Stop #4: Top Notch (As Seen in Dazed and Confused)

The final stop of our trip coincided perfectly with lunch time. Just as the clock struck noon, we pulled our Smart car into the lot of the Top Notch burger stand, made indelible in its appearance in Richard Linklater’s Dazed and Confused. This is the spot where Matthew McConaughey first uttered the line “Alright, alright, alright,” at least on film. The film is a titan of cult classics, with a monster soundtrack, a cast before its time and an eccentrically charming, smoke-covered coming of age story.

As you can see, the owners of Top Notch, though they have changed since Linklater’s production was here in the mid-90s, still honor their place in cinematic history both by keeping the building and its accouterments the same as the 70s-era drive-in portrayed in the film and by keeping a little bit of history on the wall. To the right of the paddles, a chart that shows what the cost of living was in 1971. Fun fact: you could get a pound of bacon for 80 cents and a movie ticket for $1.50. That’s basically all I need on a Friday night for just over $2. Thanks to Top Notch, I’m now convinced that I was born 20-years too late.

With the depression of not living in a time when I could spend $3 to take a lovely companion to the movies setting in, I found myself eating my feelings. Luckily I was already present at an iconic burger joint that was once frequented by Matthew McConaughey’s Wooderson (and his killer ride). Very soon I was “sorting through jalepeno burgers and soggy fries,” as the movie foretold. The following images encapsulate my experience eating where Wooderson and friends once planned their epic party at the moon tower. Spoiler alert: man eats burger, and it’s not safe for the hungry.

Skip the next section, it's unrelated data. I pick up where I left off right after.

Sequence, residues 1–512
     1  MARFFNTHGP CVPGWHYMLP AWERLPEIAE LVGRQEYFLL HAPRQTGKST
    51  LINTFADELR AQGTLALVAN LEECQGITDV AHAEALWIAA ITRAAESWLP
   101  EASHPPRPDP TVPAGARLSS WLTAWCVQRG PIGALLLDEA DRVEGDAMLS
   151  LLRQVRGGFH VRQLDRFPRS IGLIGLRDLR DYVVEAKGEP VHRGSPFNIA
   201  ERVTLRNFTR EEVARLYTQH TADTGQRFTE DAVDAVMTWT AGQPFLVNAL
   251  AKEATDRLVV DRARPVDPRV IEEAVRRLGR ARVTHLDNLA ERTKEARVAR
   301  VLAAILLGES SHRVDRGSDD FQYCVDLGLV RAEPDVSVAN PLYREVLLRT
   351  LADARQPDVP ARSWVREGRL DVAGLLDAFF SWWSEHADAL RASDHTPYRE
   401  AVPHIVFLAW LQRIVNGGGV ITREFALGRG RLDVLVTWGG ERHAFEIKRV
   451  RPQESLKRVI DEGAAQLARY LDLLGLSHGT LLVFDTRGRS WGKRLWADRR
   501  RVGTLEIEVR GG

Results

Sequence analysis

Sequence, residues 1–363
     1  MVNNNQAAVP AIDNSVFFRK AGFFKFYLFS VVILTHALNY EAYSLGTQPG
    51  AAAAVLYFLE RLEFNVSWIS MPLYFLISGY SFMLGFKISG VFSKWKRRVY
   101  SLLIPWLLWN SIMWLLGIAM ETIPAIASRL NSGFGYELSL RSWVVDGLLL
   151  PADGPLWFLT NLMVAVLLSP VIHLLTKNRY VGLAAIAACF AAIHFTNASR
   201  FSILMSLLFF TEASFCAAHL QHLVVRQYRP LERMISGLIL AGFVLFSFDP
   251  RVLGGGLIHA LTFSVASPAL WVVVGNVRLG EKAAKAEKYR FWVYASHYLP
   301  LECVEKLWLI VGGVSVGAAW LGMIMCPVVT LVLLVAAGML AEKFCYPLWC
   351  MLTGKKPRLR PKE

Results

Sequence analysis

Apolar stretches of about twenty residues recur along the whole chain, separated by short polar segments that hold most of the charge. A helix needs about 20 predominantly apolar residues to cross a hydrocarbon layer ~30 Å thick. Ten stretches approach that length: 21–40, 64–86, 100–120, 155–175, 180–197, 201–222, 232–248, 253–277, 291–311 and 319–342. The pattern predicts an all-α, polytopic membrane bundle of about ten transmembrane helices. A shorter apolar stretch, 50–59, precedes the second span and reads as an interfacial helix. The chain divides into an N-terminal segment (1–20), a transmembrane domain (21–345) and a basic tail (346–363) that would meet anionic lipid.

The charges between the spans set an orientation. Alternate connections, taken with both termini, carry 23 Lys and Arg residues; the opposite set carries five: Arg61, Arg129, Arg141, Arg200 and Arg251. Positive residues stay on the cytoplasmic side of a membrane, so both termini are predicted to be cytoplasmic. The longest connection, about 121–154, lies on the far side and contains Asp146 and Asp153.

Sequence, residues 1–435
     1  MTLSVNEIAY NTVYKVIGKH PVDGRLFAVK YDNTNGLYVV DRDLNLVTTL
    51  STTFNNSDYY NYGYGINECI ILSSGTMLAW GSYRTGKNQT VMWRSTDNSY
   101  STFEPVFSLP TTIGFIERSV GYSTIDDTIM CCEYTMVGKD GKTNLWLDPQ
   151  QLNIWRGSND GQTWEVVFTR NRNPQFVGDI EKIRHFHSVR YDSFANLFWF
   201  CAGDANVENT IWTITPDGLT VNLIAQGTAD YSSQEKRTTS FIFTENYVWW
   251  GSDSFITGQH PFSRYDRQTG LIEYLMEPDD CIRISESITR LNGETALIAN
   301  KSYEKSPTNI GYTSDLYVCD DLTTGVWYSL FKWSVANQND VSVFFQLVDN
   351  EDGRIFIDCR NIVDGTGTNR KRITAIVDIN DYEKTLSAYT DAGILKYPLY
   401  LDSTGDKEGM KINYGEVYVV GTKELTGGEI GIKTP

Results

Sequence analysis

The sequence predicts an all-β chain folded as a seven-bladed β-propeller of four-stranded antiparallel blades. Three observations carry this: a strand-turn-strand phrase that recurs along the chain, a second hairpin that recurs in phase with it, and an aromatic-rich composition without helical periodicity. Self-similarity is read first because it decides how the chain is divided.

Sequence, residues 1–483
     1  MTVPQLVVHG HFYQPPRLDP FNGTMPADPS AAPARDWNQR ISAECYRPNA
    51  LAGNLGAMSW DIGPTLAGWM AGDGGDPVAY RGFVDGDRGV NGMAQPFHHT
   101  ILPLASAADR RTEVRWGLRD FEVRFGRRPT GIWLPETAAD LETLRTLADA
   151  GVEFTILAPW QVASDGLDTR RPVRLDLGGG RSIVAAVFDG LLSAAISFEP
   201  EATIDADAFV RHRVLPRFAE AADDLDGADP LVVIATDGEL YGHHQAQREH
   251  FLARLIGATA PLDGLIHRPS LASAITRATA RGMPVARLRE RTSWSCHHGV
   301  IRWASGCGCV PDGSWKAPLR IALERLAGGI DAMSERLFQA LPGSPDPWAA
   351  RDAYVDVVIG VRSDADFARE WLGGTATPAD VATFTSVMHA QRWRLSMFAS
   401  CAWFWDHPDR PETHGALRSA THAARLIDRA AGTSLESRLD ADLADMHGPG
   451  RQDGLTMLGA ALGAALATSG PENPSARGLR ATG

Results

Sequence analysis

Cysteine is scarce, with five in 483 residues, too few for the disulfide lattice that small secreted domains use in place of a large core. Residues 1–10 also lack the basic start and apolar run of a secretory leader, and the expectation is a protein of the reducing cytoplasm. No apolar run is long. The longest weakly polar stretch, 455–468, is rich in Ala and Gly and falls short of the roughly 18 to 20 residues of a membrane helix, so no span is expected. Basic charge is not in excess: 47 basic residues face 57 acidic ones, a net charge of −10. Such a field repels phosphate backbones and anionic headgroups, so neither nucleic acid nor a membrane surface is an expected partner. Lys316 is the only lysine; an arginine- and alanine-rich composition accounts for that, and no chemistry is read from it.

What Have We Learned?

The best part about my little road trip is that it was a relatively cheap, fun way to spend a few hours exploring my city. I’ve always considered myself knowledgable about movies, but heading out to see some of the places where these movies were shot has not only inspired me to get to know Austin better, it’s inspired me to revisit some movies I love.

As my companion remarked while we sat and ate burgers, she’s looking forward to revisiting Dazed and Confused in the near future. Me? I’ll be re-watching Friday Night Lights, as it’s been a long time. Getting to know your city through its movie landmarks, this is yet another wonderful way to love movies. I would recommend it to anyone who is looking for a good reason to get out of the house. If you’ve ever done this or are going to do something like this, jump down into the comments and tell me about it. I’d love to hear the stories about the movie landmarks you’ve visited in your own community. And heck, maybe someday I’ll branch out beyond my own city and come visit yours. Until then, in the words of the prophetic Wooderson, “just keep L-I-V-I-N, livin’.”

Photography by Yimay Yang.

Originally published at filmschoolrejects.com.

Neil Miller :Before time itself, this person created the website you're currently reading.